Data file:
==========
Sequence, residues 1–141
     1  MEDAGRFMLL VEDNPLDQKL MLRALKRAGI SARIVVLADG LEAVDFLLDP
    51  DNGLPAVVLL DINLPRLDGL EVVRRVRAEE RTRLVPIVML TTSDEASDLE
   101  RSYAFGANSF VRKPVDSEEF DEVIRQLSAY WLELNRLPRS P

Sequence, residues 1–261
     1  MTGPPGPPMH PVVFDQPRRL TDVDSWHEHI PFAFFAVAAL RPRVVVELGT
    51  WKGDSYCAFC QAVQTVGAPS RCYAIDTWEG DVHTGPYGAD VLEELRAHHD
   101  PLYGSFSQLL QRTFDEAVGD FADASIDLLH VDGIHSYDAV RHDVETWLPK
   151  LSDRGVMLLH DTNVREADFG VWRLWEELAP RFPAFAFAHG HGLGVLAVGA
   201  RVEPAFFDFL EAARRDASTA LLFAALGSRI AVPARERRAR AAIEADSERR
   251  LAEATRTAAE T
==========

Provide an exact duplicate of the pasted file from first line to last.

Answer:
Sequence, residues 1–141
     1  MEDAGRFMLL VEDNPLDQKL MLRALKRAGI SARIVVLADG LEAVDFLLDP
    51  DNGLPAVVLL DINLPRLDGL EVVRRVRAEE RTRLVPIVML TTSDEASDLE
   101  RSYAFGANSF VRKPVDSEEF DEVIRQLSAY WLELNRLPRS P

Sequence, residues 1–261
     1  MTGPPGPPMH PVVFDQPRRL TDVDSWHEHI PFAFFAVAAL RPRVVVELGT
    51  WKGDSYCAFC QAVQTVGAPS RCYAIDTWEG DVHTGPYGAD VLEELRAHHD
   101  PLYGSFSQLL QRTFDEAVGD FADASIDLLH VDGIHSYDAV RHDVETWLPK
   151  LSDRGVMLLH DTNVREADFG VWRLWEELAP RFPAFAFAHG HGLGVLAVGA
   201  RVEPAFFDFL EAARRDASTA LLFAALGSRI AVPARERRAR AAIEADSERR
   251  LAEATRTAAE T